The next sheet is called “Spot Rates”, where I use the bootstrapping method to calculate the spot rate curve, from the current yield curve. I used nine Treasury yields from the database, ranging from the 6-month bill to the 30-year bond. I interpolated the remaining incremental semiannual periods between these given yields. Below is a small part of a much larger sheet that calculates the spot rates.  The sheet automatically populates the curve and spot rates for the date you choose.

t_Curve3

The next sheet creates a table of forward rates. Below is a partial image of the table. Two things to point out. The top row (Years From Now) are drop down boxes. You can change any year in any cell on row four, but keep them in ascending order so that you get an actual yield curve. The NA() cells are due to GAP analysis. In order to calculate a forward rate with GAP, you need a current rate long enough to calculate the shorter years (i.e. we can’t calculate the forward 30-year rate because we don’t have any rate longer. Other forward rate tables you might have seen, such as Bloomberg’s, might have rates for longer maturities. I believe they use some kind of forecasting method for those years, which I chose not to do here. I needed the #n/a rather than blanks to do the charts.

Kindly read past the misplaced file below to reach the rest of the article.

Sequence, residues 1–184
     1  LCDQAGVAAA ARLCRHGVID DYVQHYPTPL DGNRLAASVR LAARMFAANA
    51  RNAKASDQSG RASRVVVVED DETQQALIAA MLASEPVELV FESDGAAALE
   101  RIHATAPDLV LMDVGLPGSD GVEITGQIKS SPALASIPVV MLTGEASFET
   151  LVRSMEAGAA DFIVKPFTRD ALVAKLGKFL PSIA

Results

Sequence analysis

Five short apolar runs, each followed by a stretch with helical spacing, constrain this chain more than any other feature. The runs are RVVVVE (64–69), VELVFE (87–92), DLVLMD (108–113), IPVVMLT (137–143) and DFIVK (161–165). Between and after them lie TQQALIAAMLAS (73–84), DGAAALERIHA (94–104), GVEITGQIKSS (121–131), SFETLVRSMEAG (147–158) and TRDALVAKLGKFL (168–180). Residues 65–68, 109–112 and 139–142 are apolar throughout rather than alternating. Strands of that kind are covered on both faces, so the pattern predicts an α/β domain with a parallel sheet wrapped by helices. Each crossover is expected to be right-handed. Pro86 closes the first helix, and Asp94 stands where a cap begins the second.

t_Curve4

The red cell you see is the answer to the entries below:

t_Curve5 The chart sheet shows the current yield curve and any forward curve you pick from the yellow drop down cell (D9). This shows the current curve (blue) compared with the forward curve in 3 years (orange):

t_Curve6

 

This chart shows the change in rates from the current rate to the forward rate, in this case, 3 years from now:

t_Curve7

Download Excel workbook: “Forward_Curves.xlsx”

 

Treasury Bill Calculator

It occurred to me that my last post Treasury Bill Math with twelve formulas, has little value if you are sitting on a trading desk and need to work quickly. I put together this calculator that will calculate two of the four pieces of information, given two pieces. It looks like this:

bills1